The European Company Statute came into force in EU Member States in October 2004. The associated Directive on employee involvement in European Companies (SEs) is the first time European legislation has recognised employee board-level participation. This issue of Transfer examines such participation, the importance of the SE Directive and its implications for industrial relations and corporate governance in Europe.
The various contributors examine the history of employee board-level participation in Europe and the current position following the transposition of the SE Directive into national legislation, as well as European company law directives and how these affect the interests of workers. The issue also publishes the initial results of a survey of employee board-level representatives from nine EU Member States. An article on the European Metalworkers Federation’s binding guidelines for negotiations on the establishment of an SE highlights the need not just to export any particular national system of participation to the European level but rather to create a new European solution. This issue is a timely contribution to the current debates on corporate governance within the EU and on the merits of the German system of co-determination.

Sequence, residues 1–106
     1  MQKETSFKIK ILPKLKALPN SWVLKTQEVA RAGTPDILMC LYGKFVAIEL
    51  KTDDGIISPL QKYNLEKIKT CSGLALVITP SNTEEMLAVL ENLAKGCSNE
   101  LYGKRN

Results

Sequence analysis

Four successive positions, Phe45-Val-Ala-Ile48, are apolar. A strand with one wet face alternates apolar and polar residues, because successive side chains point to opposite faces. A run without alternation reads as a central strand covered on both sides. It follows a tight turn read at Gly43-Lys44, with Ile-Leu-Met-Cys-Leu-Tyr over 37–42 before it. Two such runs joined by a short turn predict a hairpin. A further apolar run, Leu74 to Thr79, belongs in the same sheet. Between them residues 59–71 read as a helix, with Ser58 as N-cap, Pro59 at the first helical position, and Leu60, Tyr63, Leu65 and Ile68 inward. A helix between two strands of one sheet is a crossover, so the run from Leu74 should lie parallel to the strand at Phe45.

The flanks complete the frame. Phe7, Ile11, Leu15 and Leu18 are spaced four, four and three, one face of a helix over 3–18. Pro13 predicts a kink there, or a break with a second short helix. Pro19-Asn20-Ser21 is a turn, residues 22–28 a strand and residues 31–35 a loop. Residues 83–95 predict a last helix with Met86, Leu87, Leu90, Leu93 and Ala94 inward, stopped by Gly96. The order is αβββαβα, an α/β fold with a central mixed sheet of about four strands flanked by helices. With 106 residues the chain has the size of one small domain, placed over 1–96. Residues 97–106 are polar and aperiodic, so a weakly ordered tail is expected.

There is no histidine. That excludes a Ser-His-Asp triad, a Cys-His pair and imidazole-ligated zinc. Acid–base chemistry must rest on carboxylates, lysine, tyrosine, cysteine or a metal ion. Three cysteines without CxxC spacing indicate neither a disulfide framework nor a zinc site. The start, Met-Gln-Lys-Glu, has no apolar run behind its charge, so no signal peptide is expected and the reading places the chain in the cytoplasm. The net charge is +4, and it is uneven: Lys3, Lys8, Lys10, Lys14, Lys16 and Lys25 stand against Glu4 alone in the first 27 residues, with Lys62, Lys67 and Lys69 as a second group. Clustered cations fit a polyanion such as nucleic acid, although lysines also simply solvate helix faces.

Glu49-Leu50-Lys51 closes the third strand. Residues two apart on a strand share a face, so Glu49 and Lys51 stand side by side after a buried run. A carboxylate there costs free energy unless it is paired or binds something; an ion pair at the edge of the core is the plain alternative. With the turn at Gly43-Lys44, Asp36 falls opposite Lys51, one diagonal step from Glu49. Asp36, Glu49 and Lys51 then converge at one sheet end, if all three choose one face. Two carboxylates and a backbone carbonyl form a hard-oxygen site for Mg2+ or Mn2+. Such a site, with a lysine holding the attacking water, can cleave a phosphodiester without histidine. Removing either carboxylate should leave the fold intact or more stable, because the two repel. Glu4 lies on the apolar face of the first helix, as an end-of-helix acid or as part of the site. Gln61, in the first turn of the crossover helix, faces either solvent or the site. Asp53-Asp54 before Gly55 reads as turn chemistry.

Table of contents: Robert Taylor: Industrial democracy and the European traditions Norbert Kluge: Corporate governance with co-determination – a key element of the European social model Robbert van het Kaar: Company law and workers’ interests Ulke Veersma and Sjef Swinkels: Participation in European Companies: views from social partners in three Member States Luc Triangle: Workers’ involvement in the European Company – the SE Guidelines of the European Metalworkers Federation Kevin O’Kelly: A European project for employee board-level representatives: issues, roles and responsibilities Mark Carley: Board-level employee representatives in nine countries: a snapshot